Let's see the speed comparison.
As you see, String.split performs better when the character you use for splitting meets the above requirements. When you need to split with several different characters - I believe this might be the less frequent case - you'd be much better using a Pattern constant.

Sunday, 31 March 2013

compression again - system vs java implementation

Last time I mentioned that using the operating system's compression utility (gzip on linux) performs better than the java counterpart even if you use it from java (the good old Process.exec()). This is not quite that simple of course :-) So in this test I compare the time needed to compress a random input both by system and java implementations. The size of the input is growing over the test, so does the time needed to compress, but there is something interesting.

So as you see the system gzip is faster, but it has a communication and process creation overhead. The java implementation is running without this overhead is therefore performing better with small inputs. The lines meet at about 512 KB. If the input is bigger, piping through a system command performs better.

This test was performed on Fedora 18 (the disasterous OS) x64 architecture, other architectures and operating systems may have different result.

Monday, 18 March 2013

To kill a GC

This is actually an answer for a recent patch written at work. So what happens if you have an object, which overrides the finallize method and in that it needs to wait for a while, e.g. to wait for a thread to join (database transaction to finish, IO operation, and so on).

This is an example code, it does not wait for a thread for 20 seconds, it only sleeps for 1, but anyway it gives a little work for the GC.

import java.util.Date;

public class Main {

 final int nr;
 final byte[] justsomememory;

 public Main(int nr) { = nr;
  justsomememory = new byte[1024 * 1024];

 public static void main(String[] args) throws Exception {
  for (int i = 0; i < 20000; i++) {
   Main main = new Main(i);

 protected void finalize() throws Throwable {


Let's use the jconsole to look under the hood of the VM.

This is a healthy memory usage.
This is what you see if you have any blocking operations in finaly()
I think this is visual enough. So in general, I agree with those who try to avoid having a finallize method in their code. And really why should you have one?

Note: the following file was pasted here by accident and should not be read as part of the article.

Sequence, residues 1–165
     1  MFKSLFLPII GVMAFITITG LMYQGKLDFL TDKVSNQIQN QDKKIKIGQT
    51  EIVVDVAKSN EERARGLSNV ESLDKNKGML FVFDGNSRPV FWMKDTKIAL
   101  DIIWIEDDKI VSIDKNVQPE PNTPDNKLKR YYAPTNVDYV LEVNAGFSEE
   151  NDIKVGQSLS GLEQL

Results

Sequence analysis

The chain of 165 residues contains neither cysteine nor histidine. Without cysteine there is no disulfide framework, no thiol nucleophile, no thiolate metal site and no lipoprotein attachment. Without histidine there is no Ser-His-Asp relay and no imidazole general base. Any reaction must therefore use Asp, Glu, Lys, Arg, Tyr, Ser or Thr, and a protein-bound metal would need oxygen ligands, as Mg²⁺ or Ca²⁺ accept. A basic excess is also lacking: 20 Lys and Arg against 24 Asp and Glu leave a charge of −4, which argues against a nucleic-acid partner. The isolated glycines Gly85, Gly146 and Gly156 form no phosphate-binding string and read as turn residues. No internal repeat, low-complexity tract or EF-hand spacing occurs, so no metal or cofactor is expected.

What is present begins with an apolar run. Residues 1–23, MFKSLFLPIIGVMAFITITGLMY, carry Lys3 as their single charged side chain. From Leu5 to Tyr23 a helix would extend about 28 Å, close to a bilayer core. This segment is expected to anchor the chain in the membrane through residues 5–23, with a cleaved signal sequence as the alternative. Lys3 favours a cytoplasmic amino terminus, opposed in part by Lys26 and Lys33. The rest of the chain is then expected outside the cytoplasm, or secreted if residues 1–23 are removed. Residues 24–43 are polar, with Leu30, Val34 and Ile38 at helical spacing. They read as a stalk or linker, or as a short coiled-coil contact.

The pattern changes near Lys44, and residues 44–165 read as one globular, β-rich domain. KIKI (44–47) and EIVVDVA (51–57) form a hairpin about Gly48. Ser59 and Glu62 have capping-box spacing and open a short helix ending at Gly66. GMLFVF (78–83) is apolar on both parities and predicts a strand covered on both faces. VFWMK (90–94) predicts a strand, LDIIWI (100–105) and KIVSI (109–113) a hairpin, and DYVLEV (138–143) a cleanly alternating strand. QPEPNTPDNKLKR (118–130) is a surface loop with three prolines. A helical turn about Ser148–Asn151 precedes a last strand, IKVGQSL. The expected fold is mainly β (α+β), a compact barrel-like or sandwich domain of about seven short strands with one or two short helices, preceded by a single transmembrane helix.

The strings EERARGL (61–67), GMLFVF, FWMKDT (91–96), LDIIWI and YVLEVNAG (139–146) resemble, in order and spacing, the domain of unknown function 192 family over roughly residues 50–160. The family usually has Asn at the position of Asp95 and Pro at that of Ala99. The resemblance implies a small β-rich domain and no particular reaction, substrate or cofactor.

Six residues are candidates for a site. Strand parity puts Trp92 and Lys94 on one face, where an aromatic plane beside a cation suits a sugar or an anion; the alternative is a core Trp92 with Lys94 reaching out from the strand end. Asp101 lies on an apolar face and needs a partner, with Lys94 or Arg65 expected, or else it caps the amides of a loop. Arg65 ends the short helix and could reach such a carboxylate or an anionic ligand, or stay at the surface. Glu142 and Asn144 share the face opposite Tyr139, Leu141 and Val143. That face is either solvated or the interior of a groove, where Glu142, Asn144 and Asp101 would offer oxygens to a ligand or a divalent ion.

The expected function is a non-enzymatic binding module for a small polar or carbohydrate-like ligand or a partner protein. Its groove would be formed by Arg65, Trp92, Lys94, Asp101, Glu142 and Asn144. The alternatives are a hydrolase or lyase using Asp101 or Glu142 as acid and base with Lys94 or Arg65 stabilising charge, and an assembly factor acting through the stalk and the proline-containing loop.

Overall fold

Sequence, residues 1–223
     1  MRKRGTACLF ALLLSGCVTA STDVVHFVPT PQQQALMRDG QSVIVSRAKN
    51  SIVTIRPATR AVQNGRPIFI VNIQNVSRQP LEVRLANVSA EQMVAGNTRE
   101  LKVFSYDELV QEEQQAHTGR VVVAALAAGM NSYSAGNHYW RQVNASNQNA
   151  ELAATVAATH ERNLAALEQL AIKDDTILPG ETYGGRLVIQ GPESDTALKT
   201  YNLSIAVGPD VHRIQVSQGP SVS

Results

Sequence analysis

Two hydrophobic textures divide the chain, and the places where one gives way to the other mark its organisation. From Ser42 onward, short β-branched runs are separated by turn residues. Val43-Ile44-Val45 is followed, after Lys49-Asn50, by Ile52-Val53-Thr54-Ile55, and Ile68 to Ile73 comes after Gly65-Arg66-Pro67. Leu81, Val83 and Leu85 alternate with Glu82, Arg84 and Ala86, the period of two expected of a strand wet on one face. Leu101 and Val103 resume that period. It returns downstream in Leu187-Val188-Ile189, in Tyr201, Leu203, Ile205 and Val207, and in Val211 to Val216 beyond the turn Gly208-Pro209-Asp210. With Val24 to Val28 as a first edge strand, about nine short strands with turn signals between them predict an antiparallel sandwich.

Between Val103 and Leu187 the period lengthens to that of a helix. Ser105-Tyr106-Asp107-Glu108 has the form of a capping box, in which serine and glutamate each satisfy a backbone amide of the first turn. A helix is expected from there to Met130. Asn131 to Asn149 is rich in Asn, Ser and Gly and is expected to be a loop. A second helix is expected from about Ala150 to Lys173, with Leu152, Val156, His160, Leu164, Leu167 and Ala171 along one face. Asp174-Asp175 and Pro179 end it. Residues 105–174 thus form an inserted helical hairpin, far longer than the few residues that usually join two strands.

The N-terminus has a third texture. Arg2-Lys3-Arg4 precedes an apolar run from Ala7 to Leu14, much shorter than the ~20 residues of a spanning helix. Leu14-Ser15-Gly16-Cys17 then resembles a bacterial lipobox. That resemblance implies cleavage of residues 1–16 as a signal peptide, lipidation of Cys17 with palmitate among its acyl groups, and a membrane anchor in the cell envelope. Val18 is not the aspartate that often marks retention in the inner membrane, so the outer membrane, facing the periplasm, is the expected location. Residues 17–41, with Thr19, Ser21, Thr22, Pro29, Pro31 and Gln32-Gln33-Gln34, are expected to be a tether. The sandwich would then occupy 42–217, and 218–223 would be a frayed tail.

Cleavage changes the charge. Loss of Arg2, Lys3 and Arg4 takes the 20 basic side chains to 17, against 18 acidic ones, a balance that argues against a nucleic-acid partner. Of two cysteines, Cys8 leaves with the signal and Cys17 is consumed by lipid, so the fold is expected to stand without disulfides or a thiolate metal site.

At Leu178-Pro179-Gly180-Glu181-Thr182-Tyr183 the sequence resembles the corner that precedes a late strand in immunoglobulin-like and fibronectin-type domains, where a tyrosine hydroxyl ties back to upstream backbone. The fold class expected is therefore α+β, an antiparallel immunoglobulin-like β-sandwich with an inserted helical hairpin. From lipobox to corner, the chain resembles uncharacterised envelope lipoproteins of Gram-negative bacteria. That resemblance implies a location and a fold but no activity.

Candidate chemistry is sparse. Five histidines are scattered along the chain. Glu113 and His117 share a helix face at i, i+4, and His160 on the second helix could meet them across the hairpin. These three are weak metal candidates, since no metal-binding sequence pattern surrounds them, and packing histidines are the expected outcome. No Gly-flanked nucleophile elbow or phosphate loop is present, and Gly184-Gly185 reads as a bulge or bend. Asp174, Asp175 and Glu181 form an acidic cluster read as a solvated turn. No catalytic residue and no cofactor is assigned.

Monday, 4 February 2013

Caching UUID's?

This is a short test inspired by my day work. The question is: is it worth caching objects in memory that could be just parsed? Examples for such objects are Integers, UUID's and some other objects. Well, as you know the first some Integers are actually cached by the runtime, so if you call Integer.parseInt, you may already get cached instances. That makes sense with Integer. With UUID the situation is a bit different, since there are no "first X" UUID's. So let's say that if you use some guid's frequently. The question is: can you get any advantage out of caching UUID objects rather than parsing from string?

Test method

All data series are measured with a 10 different datasets. The datasets differ from each other in the number of repeating UUID's: The first one does not have any, the last one has 90 percent repeating UUID's.

So most importantly, let's measure just plain parsing (no cache) just to compare to something. Then, let's measure caching with a HashMap. I have to add that a HashMap is not a cache and whenever I see a HashMap used as cache, I have terrible nightmares about OOM exceptions coming like zombies from everywhere.
Third, let's measure the performace of a real cache, I chose ehcache. You can choose your own pet cache technology (to be honest I use infinispan, but now for simplicity I just wanted a good old ehcache)


Ok, let's see what we got.
  • As expected, no cache performs more or less the same everytime.
  • HashMap "caching" adds a little speed over 50 percent repeating input. It is a little compensatin for the OOM's you will get, or for the code you will write to avoid it :)
  • Ehcache implementation has some difficulties keeping up, it only beats the "no cache" solution when the percentage of repeating uuid's is over 90%, even then, the gain is little.

So my conclusion is: I would probably not want to cache the objects that are this easy to create. I would definetly try to optimize once the database interactions are optimal, the app scales well to multiple processors and even multiple nodes, and so on... but this looks like a small and painful victory.